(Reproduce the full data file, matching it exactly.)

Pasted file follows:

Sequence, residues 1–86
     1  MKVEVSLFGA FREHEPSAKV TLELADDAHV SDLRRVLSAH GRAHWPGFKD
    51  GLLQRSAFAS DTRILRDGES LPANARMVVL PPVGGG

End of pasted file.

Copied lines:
Sequence, residues 1–86
     1  MKVEVSLFGA FREHEPSAKV TLELADDAHV SDLRRVLSAH GRAHWPGFKD
    51  GLLQRSAFAS DTRILRDGES LPANARMVVL PPVGGG